For the last few weeks, I’ve been watching my friends in tech and finance find out what they’ll be doing next year. From jobs at Amazon and Google to the Boston Consulting Group and McKinsey, they’re preparing themselves to be scattered across the country. Meanwhile, I sit and wait for my fellowship results to crawl into my inbox, anywhere between March and May. The wait is horrible, and I feel like a failure in the interim.
This isn’t unique to senior year: along with many other non-STEM, non-finance, non-consulting friends, I have spent many spring months in the past waiting on results — often negative ones — that decided my summer. But now, as they decide my future, it feels more pressing. And even though I’m happy for my friends who have jobs and internships, I do sometimes feel a twinge of inadequacy. Why is it that they find out so much earlier? Does the fact that I don’t have a job or internship offer yet mean that I’m a failure?
The answer is no. And what I’m trying to keep in mind is that it’s not just about certain people getting fellowships and internships and others not: it’s about everyone’s life going according to one’s own path and timeframe.
If I were in tech or finance, I might know right around now what I’ll be doing next year — but I’m not in those fields. And I have no desire to be. So even if I did want the security of knowing I’ll have a job at Google in December, I wouldn’t actually want the job at Google. It’s not worth comparing myself to my Silicon Valley friends: we have different aspirations and job opportunities, which also means that we have different timelines for senior year and, of course, life more generally.
Realizing this difference can go far beyond the job/internship search: it extends into rejection from these positions as well. Two years ago, well into March, I was rejected from every single internship I applied to, as all my friends racked up acceptances. It looked like I was going to bum around at home that summer until I was accepted to the one fellowship I needed — one that gave me funding to spend my summer interning at an NGO in Kazakhstan, which moved me further along in my professional and academic career than anything else I would have done.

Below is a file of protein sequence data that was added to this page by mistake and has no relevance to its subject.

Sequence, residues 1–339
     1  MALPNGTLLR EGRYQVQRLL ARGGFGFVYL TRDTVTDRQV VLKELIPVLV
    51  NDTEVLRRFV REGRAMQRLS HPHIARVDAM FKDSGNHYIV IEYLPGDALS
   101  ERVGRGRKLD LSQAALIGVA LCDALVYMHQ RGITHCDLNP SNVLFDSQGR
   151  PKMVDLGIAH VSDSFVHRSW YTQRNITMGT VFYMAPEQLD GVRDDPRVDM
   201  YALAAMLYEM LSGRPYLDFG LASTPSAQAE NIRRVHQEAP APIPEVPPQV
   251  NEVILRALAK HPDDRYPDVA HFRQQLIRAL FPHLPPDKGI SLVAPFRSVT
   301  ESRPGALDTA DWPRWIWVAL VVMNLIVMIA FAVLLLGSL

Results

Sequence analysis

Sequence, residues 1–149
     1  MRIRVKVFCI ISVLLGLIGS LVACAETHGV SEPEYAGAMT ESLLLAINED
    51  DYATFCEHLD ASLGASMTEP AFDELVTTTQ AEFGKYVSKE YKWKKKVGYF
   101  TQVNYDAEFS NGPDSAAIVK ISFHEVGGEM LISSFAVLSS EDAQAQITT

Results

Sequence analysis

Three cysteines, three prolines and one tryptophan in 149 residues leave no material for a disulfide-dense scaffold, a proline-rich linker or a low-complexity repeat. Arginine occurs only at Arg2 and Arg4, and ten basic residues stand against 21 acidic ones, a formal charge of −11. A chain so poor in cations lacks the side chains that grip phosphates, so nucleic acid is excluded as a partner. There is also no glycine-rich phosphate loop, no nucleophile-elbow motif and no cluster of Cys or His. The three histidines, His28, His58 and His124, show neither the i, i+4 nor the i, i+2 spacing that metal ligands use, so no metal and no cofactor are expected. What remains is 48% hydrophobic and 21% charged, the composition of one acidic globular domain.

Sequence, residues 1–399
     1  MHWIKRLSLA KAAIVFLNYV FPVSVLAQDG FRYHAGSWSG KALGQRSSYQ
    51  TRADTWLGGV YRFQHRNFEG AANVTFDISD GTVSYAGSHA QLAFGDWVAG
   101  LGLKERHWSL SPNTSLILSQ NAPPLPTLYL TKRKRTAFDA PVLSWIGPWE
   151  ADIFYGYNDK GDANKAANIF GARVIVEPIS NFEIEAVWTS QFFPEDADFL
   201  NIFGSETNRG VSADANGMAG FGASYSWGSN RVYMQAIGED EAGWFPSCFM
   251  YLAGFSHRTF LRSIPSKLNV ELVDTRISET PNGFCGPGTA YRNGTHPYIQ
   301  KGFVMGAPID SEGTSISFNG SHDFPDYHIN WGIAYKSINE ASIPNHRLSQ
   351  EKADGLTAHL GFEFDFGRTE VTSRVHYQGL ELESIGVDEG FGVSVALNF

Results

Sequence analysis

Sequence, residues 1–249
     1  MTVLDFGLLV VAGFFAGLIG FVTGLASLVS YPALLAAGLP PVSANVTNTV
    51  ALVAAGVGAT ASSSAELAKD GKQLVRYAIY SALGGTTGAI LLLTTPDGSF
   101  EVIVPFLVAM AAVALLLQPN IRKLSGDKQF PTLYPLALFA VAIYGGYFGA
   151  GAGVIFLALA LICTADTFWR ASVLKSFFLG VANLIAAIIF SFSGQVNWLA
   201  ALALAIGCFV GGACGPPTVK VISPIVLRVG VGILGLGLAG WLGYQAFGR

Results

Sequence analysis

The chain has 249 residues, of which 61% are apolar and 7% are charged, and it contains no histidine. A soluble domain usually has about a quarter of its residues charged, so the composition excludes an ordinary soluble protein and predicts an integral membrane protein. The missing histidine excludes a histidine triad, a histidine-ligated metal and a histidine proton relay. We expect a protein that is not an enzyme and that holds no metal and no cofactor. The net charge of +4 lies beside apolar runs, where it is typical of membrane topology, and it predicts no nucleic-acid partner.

Before I received it, though, I would have done nearly anything to be accepted to just about anything, even if it wasn’t really for me, just to keep up with the proverbial pack. But whenever I felt too caught up in that moment, I’d have to step back and realize that the “pack” has interests and goals vastly different from mine, and that their early acceptance means a commitment to those goals — ones that I don’t share.
Still now, it’s becoming increasingly stressful to watch everyone gain acceptance to things, while I have to wait until the end of my senior year to receive news from my dream fellowship. I’m so happy for my friends — and I just want to be as secure as they do. But then I remind myself: if I wanted to know as early as they do, I’d have to be a COS major, which I’m not. And that’s fine.
While it’s incredibly frustrating to see seemingly everyone get job offers (and the security that comes along with it), it would be far more frustrating to be applying to jobs in fields that aren’t relevant to our interests or skill sets. So, remind yourself that your friends already have internships and jobs because they’re majoring in different things — the things that you probably wouldn’t want to work on for the rest of your life, or at least the next few years.
Leora Eisenberg is a senior from Eagan, M.N. She can be reached at firstname.lastname@example.org.